The Frick Collection is in the converted Manhattan town house of Henry Clay Frick. Much of the permanent collection is still arranged in living spaces, as if the family were going to move back in tomorrow. There are quiet spots for sitting and contemplating, tucked serenely between the walls of a house set down amidst the constant drone of New York’s Upper East Side. I was slowly sauntering from room to room when I entered the Living Hall and saw what is still my favorite group of paintings. The wit of the arrangement stopped me dead in my tracks and made me cackle so loudly that I was almost tossed out of the museum.
Holbein portrait of St. Thomas More, the Man for All Seasons; he looks to his left, across the great expanse of the fireplace. On the other side of the fireplace, looking to his right across the chasm, is a portrait of Thomas Cromwell also by Holbein the Younger.
Now, Cromwell was Henry VIII’s chief minister; it was he who was instrumental in organizing More’s martyrdom, questioning the Saint endlessly and trying fruitlessly to find or force a political justification for More’s execution. He was unsuccessful, but More was beheaded anyway, and now the pair of them, transported from their own island to this room in Manhattan, stare at one another across the flames, inviting us to guess which of the Thomases is on which side of the great chasm.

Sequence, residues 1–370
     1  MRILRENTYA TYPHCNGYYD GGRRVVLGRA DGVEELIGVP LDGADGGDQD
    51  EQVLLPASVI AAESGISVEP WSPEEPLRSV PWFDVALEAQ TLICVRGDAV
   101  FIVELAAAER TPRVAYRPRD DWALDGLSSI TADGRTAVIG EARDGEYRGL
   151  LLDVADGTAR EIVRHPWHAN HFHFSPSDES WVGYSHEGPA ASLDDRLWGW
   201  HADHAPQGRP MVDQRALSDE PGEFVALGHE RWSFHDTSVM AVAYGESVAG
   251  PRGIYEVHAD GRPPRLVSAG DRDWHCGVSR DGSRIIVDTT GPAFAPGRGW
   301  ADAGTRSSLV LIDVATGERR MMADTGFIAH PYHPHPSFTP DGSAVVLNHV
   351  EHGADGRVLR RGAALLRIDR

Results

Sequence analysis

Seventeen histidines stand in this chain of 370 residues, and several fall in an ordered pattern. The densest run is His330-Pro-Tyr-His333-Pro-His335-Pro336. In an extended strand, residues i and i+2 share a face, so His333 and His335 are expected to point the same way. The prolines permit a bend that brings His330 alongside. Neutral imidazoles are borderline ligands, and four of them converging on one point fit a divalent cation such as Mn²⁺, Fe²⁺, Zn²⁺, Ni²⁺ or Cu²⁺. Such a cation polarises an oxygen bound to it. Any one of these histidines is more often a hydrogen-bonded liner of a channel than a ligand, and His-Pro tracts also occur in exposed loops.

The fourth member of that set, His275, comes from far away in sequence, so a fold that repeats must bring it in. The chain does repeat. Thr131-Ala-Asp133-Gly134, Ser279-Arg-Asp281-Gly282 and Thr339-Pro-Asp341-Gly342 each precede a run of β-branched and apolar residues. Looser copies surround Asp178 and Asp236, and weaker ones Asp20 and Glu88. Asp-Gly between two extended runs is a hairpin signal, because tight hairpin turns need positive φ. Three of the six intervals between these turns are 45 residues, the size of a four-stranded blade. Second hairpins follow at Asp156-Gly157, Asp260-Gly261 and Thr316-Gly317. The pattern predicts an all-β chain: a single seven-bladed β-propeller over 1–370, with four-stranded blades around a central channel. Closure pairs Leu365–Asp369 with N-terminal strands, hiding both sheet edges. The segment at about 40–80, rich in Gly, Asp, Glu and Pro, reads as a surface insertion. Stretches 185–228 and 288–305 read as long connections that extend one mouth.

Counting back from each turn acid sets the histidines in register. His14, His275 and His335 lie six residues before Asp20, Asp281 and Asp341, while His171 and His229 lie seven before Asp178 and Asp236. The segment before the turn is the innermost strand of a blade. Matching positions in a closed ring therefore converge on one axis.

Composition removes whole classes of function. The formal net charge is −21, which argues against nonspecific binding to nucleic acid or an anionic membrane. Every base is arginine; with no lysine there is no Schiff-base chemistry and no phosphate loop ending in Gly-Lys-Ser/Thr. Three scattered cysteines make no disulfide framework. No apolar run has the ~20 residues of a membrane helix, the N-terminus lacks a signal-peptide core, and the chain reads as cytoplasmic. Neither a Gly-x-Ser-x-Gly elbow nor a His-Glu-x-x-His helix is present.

But that’s not all, for above the mantle, looking out at us from a height, is the famous El Greco of St. Jerome. He is elongated, dressed in red cape, and has his thumb plonked down into Scripture. His stern presence has been set as a judge between the two Tommys, but by his gaze and gesture he commands us to make our own judgement, and to base it on Holy Writ. Only the angle of his body within this grouping betrays his own choice, or (at any rate) the choice made by the person who had these three paintings hung together in this place.
The large fireplace, which would dominate most rooms, is subsumed by a fantastic and deliberate arrangement of portraits; the grouping uses it and gives it new meaning. It becomes a gateway to hell in an arrangement that reminds us of a notorious moment in history and tells us what the arranger thinks of the characters in the story.
And I suspect that there are similar stories to be read throughout the house, if only I had the wit and intelligence to discern them.
Get thee to the Frick.